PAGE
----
Fiat Chrysler is running what seems to be an endless procession of special edition versions of its muscle cars. Some, however, are better at adding "special" than others. The latest is the 2020 Dodge Charger SRT Hellcat Widebody Daytona 50th Anniversary Edition, which comes with more power for the Hellcat V8, and that's always a win. Plus, there are some special interior bits.
We're not going to type out its full name every time, so from here on, we'll call it the Charger Daytona. It's meant to celebrate 50 years since the original Charger Daytona, the big wing and fancy nose streamliner that was built to break a 320 km/h lap around Daytona Motor Speedway and decimate NASCAR competition back in 1969. It did exactly that, setting a track record that stood for 17 years.
So what does the 2020 Charger Daytona do to commemorate its namesake? For starters, this is the new widebody Charger. So there's more rubber meeting the road under those big fenders and it'll be on special Warp Speed 20-inch by 11-inch wheels. There's also a new special powertrain calibration that gives the 6.2L supercharged V8 more power. Up 10 from the standard Hellcat to 717 hp, along with 650 lb-ft of torque.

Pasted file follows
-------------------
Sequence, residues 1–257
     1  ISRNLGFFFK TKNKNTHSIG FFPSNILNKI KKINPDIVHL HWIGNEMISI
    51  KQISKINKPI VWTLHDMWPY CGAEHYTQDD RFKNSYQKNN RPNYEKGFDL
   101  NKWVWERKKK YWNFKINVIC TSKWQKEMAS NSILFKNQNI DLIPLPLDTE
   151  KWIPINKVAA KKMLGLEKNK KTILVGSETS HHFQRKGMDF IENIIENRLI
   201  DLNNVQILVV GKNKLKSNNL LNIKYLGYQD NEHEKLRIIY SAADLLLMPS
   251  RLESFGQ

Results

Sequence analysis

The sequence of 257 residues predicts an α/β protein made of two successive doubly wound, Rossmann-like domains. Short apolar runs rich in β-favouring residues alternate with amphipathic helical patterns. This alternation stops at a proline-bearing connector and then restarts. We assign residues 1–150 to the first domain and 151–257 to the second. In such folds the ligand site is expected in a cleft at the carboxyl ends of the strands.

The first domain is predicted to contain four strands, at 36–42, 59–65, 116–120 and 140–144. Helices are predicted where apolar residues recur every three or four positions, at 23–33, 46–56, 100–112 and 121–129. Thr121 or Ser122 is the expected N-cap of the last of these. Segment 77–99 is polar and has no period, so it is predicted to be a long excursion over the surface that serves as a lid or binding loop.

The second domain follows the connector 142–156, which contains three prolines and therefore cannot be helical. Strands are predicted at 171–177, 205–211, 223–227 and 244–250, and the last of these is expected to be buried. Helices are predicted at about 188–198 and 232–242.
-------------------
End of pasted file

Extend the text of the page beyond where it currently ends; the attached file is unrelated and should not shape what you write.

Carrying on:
The Charger Daytona will come in four colours. B5 Blue, Triple Nickel, Pitch Black, and White Knuckle. If you want a B5 Blue Charger this year, this is the only way to get it. Adorning the flanks of the car are Daytona graphics with a special rear quarter decal and rear spoiler. They match the graphics of the original, if not that car's C-Series-worthy rear wing.
On the inside, the cars will get heated and ventilated seats with Nappa leather and Alcantara. The seats get blue accent stitching and Daytona embroidery. The blue stitching continues throughout the cabin, including the flat-bottom wheel and velour floor mats. The steering wheel and mats are unique to the 50th Anniversary model.
Dodge will only be building 501 of the cars at the Brampton, ON, factory that's home to Charger and Challenger. That's a nod to the number produced back in 1969 as the minimum needed to get them qualified for NASCAR use. Each car will get a numbered instrument panel plaque.
Orders open in the fall with deliveries starting in the spring.